The first few seconds of any presentation can be awkward. But you can make things a bit easier for both you and your audience by making an effort to break the ice.
Giving people a chance to actively engage in the first moments of your presentation is important. It helps build rapport, set the tone for what's to follow, and show that you have created a safe space that encourages audience participation.
If you're working with a small group (say 5-10 people) you can ask audience members to introduce themselves, or break up into groups with a preset discussion prompt. If you're presenting to a larger audience, ask folks to chat in pairs.
Icebreakers can be silly and off-topic or aimed at stimulating a specific idea about the topic you'll be presenting. The strategy you select depends on your presentation style and tone.
Whether you're presenting market research data or giving a motivational speech, all presentations tell a story of some description. However, here we're referring to using an actual story.
There's a reason cavemen and women used to gather around the campfire to listen to people tell stories—they're entertaining. Stories elicit empathy. Weaving a narrative is a great way to get audiences to care about what you're trying to teach them.
The key here is to find a story with a theme that's entertaining and appropriate to the topic and the audience. This could be a personal anecdote or something you've found elsewhere—as long as it ties in to the subject of the presentation.
Most presenters use a slide deck to support their presentation. It's the most basic strategy to add interactivity to your presentation and display information visually. There are three different navigation modes you can use:
Willing to think outside the box? Take a lesson from choose your own adventure books and build some flexibility into your presentation order. Give viewers multiple branching paths or hold a quick opinion poll to let folks choose which section comes next.
Don't worry, your audience doesn't need to (and probably shouldn't) decide the order of everything. But adding just one or two opportunities for viewer choice can make a huge difference in engagement levels.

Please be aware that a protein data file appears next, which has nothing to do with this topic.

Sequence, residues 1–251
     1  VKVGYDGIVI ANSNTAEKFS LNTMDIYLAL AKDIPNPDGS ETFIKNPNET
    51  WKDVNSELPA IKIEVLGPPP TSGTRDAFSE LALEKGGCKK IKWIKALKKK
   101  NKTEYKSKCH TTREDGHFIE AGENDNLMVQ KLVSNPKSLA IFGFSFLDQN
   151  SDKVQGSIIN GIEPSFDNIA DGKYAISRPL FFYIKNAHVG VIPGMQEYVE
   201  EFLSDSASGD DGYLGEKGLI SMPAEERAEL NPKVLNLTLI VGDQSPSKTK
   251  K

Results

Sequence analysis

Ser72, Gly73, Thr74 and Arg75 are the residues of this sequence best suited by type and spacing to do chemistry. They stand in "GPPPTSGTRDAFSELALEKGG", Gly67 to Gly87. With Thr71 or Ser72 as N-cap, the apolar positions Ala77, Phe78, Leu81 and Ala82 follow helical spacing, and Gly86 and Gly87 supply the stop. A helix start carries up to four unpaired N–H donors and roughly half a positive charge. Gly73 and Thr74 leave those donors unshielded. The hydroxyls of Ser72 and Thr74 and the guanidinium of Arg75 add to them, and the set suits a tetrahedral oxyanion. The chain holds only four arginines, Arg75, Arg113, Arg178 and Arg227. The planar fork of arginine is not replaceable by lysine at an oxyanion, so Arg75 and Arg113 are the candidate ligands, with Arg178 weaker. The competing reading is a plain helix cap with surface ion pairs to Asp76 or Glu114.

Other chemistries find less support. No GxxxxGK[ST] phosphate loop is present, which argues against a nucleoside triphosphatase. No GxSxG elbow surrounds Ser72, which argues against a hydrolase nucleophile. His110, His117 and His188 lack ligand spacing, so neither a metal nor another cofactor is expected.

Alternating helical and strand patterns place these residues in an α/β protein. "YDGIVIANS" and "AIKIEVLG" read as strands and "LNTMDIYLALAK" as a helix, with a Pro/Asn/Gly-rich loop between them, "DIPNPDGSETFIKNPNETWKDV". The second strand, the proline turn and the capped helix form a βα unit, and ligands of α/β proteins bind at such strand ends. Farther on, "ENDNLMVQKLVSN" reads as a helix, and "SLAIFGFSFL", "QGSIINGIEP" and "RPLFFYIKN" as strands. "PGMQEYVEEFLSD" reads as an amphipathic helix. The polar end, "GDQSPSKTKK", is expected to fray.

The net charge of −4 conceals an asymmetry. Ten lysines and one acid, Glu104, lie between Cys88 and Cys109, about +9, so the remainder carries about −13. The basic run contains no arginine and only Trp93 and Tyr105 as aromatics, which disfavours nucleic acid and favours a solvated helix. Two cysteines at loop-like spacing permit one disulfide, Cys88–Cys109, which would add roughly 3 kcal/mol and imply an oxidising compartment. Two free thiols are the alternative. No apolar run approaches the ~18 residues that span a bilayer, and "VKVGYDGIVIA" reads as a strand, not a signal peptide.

When something is too easy people get bored quickly. While sitting in an audience might sound like a passive role it's far from it—the best interactive presentations are active experiences.
One way you can do this, particularly in digital presentations, is by hiding pieces of information and visual elements within the presentation itself. This offers a welcome break from clicking through slides or scrolling through a PDF, and is a handy tool for online courses.
Tuck supporting information, infographics and visual aids into hidden windows or tool tips that folks have to track down. By making people work for the information, not only do you keep them engaged, you make it more likely they'll actually retain it.
As an added bonus, keeping peripheral information out of plain sight also keeps your slide design looking neat and tidy. Here's an example of an interactive presentation using Genially:
Polling audience members show them that their opinion matters. It's also a fantastic way to get a gauge on how the presentation is going, and whether folks attending are engaging with the topic.
Use a form builder like Paperform to create polls or quizzes that folks can answer on their smartphones. When they're finished, you can easily display the results onscreen and discuss your findings. It could be something as simple as a quick rating scale:
Not sure what to ask? There's no pressure. You can ask a simple question related to a subject you've covered, capture feedback in real-time, or just break the ice by finding out your audience's favourite pizza toppings.
Don't worry if you're presentation isn't live. You can embed your Paperform into the quiz and include it within your presentation software of choice. Genially and Google Slides both support embeds.